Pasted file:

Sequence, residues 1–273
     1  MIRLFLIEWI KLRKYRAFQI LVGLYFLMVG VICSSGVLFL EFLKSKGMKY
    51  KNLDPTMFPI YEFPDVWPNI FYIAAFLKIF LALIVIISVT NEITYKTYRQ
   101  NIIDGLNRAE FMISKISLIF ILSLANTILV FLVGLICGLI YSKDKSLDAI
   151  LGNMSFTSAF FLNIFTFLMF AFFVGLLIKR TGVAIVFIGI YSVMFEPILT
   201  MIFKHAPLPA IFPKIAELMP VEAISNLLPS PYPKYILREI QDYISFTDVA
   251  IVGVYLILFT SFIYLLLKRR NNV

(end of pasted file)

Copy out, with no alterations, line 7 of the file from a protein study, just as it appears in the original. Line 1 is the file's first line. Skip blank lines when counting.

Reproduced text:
   251  IVGVYLILFT SFIYLLLKRR NNV